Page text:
## RE: How much faster?

The reason that randomization would work better from a strictly conceptual point of view is because if you look at one person’s boarding process, the longest time that they spend stationary is standing in the isle putting things in the overhead bin and whatnot before sitting down. If you load the plane from back to front, you have a much greater chance of these people holding things up.

Now for the Math. Lets say that we have a plane that seats 60 people, 15 rows of 4, with two being on each side. We then divide that plain into 3 "zones," with each zone being 5 rows, numbered with zone 1 in the back and 3 in the front. If you call for zone one, you have a 20% chance of the first person on the plane being from the row in that zone closest to the front of the plane. While they are putting their stuff away and getting ready to sit down, EVERYONE is waiting behind them to sit further back in the plane. So you’ve got 19 people waiting on 1 person in the alotted time. Much like jamming 20 bits through a 1-bit bus.

Now if you seat randomly, and take 33.3% from each zone and make them a part of zone 1, and so on until you’ve got one third of each of the zones from the previous paragraph packed into a zone, you’ve got the chance for at least three people to be putting up luggage at the same time. Now you’ve got 17 people waiting on 3 people to get ready in the alotted time. Now your putting 20 bits through a 3-bit bus, which is 3 times as fast as before!

I’m sure that it is wicked more complicated then that, but that is the basic explanation, at least in my head.

1 Vote
##### The fastest by Brandon

From the end of the Nature article,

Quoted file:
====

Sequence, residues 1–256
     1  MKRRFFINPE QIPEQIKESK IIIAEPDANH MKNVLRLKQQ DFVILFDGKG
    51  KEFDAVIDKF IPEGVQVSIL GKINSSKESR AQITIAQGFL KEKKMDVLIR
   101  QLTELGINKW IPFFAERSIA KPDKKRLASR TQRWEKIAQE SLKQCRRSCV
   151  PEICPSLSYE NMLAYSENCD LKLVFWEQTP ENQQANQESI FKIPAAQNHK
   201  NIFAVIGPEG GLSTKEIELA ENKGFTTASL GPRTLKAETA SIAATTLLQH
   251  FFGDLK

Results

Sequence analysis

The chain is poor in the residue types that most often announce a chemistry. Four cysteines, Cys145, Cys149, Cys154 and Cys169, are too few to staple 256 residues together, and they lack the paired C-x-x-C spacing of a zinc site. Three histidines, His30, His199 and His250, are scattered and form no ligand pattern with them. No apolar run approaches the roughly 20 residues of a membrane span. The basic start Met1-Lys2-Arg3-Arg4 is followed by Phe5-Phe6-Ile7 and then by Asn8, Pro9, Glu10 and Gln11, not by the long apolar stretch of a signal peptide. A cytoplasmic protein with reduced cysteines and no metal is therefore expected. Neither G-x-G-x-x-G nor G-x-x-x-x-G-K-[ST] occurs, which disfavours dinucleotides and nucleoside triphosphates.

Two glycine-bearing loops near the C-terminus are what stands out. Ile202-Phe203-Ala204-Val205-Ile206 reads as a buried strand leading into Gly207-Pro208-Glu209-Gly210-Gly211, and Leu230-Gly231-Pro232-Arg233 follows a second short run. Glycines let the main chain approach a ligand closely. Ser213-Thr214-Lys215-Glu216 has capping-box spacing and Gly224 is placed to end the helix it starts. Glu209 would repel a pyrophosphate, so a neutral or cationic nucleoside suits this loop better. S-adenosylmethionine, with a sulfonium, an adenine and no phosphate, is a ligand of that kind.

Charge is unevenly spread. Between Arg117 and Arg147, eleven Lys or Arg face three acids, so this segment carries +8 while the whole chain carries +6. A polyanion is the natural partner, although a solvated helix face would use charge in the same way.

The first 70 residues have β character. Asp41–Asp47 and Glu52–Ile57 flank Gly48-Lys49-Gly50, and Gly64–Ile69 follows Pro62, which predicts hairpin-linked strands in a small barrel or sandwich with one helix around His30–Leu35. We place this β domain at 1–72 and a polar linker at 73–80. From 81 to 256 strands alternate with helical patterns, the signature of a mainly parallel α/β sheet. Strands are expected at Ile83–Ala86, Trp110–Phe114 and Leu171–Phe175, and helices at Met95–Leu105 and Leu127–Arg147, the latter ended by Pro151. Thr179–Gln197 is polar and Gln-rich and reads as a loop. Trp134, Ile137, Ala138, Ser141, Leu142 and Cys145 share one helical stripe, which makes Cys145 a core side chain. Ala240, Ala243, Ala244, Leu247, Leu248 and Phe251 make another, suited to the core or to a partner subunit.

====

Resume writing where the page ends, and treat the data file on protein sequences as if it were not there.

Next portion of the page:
Most efficient of all would be to avoid all blocking by boarding passengers in a strict sequence, seat by seat. But most people don’t like to be controlled to that extent, says Skiena. "Airlines would like to turn around their planes as quickly as possible", he says. "But they don’t want to annoy their passengers."

I don’t know that it would annoy passengers that much to do this. There are many different ways to do it, most of which would only require pre-boarding organization. For example, here’s my solution:

Every ticket could have a section and order number printed on it. Fifteen minutes before boarding, section 1, consisting of the window seat passengers only, is called to the pre-boarding area where the passengers are directed to stand on their order number (arranged on the floor in back-to-front order). When they board, section 2 is called (middle seats) and the same process is followed. Section 3 follows with all latecomers going last.

How inconvenient is that, really? You would have to listen for when they call your section, but you have to do that already. You would have to find your order number and stand on it, but that inconvenience is more than compensated for by not having to worry about being first in line or that grandma in front of you with the oversized carry-on bag she can barely lift. (You just know she’s going to be sitting one row in front of you and you’ll be stuck in the aisle waiting while she meticulously re-packs her bag after you break the latch trying to help her get it into the over-head compartment.) The only people who have to climb over anyone are those that miss their section, and when the plane unloads, those who stand up first (on the aisles) are those whose carry-on bags were packed last.

The more I think about this, the more I think it would be worth the rough transition period and the extra pre-boarding organization. I know when I fly, I’d pick an airline that was on-top of things and effective over one that was bumbling but stayed "out of my hair."